March is Women’s History Month, a time not only to look forward and envision a more equal world for the women that will come after us but also to remember the women that came before us and made it possible for women to be active members of the legal community.
When I was in law school, it wasn’t uncommon to see women in the legal profession. Many of my professors were women, my classes had a relatively even ratio of women and men, and I interned under a female judge and female attorneys. Now, at Rasmussen Dickey Moore, I work in an office primarily made up of women. I don’t often pause to think back to a time when it was uncommon, or even prohibited, to be a female paralegal, lawyer, law professor, or judge.
However, many women have fought hard to gain a foothold in the legal profession, blazing a trail that provided an opportunity for my peers and me to pursue careers as attorneys and other legal professionals. We still have much work ahead of us to achieve true equity in the field, but several tenacious and undaunted women made great strides that allowed future generations like mine to enter the profession and make our mark.
Arabella Babb Mansfield was the first woman to pass the bar exam and be admitted to practice law, despite an Iowa state law that limited the practice to white males. Mansfield studied law for two years at her brother’s law office before taking the Iowa bar exam in 1869. She passed with high scores and went on to challenge the law that restricted women from the legal field. Mansfield was successful, and Iowa became the first state in the Union to allow women to practice law. Later in life, Mansfield would go on to be a leader in the women’s suffrage movement.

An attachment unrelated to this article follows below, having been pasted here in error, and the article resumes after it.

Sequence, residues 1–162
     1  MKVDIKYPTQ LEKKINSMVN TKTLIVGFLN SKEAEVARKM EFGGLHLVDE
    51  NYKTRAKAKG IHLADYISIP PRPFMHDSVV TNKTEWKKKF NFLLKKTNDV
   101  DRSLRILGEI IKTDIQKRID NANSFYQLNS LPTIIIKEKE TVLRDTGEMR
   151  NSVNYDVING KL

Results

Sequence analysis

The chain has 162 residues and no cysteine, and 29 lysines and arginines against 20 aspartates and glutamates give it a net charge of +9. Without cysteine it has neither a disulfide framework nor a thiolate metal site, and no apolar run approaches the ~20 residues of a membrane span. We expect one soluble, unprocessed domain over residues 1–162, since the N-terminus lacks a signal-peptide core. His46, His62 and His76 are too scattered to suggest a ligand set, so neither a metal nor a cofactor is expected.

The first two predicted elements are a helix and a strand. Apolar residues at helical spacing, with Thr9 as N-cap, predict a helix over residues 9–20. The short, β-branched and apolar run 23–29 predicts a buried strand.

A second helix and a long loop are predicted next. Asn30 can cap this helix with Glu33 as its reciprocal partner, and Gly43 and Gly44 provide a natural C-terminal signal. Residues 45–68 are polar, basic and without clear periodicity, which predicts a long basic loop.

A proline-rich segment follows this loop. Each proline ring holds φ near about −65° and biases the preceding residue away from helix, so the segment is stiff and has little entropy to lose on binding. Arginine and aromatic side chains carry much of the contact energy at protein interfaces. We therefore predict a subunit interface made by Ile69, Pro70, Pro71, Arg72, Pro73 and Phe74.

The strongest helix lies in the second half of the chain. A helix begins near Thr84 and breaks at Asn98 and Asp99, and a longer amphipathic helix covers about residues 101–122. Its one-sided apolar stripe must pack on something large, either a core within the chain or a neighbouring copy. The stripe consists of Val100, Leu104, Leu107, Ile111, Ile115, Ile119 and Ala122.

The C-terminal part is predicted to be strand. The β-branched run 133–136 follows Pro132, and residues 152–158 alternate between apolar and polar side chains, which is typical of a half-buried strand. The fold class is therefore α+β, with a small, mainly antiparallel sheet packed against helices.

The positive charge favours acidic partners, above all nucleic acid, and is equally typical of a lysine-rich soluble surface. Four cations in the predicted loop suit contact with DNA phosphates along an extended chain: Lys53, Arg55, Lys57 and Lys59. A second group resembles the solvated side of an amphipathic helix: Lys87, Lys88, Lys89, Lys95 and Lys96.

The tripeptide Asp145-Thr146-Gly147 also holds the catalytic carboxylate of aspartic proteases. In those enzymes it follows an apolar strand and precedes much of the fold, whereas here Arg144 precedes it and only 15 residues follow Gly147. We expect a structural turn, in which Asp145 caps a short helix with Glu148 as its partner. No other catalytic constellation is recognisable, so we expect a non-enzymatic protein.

The National Association of Women Lawyers’ most prestigious award is named for Mansfield, as is the Mansfield Rule, an effort to boost underrepresented groups into leadership positions at over 100 of the nation’s largest law firms.
Belva Ann Lockwood
Belva Ann Bennett Lockwood studied at the National University Law School in Washington, D.C., completing her studies in 1870. However, the school refused to issue a diploma to her and another aspiring female attorney. Undeterred, Lockwood appealed all the way up to President Ulysses Grant, who promptly ordered that she receive her earned diploma.
After attempting to be admitted to the Supreme Court bar in 1876, Lockwood continued to battle for equal rights for women attorneys. President Rutherford B. Hayes signed a law in 1879 that allowed women to become members of the Supreme Court bar. In 1880, Lockwood became the first female lawyer to argue a case before the U.S. Supreme Court, arguing Kaiser v. Stickney. Lockwood would return to argue before the Supreme Court in United States v. Cherokee Nation, in which she successfully secured a payment of $1 million plus $4 million in interest—one of the largest judgments in favor of a Native American tribe at the time—for an unfulfilled treaty ceding Cherokee land in Georgia to the U.S.
Lockwood became heavily involved in politics in subsequent years, working towards women’s suffrage, world peace and disarmament, and other progressive causes. She also became the first woman to run for United States president in 1884, decades before the right for women to vote had been secured.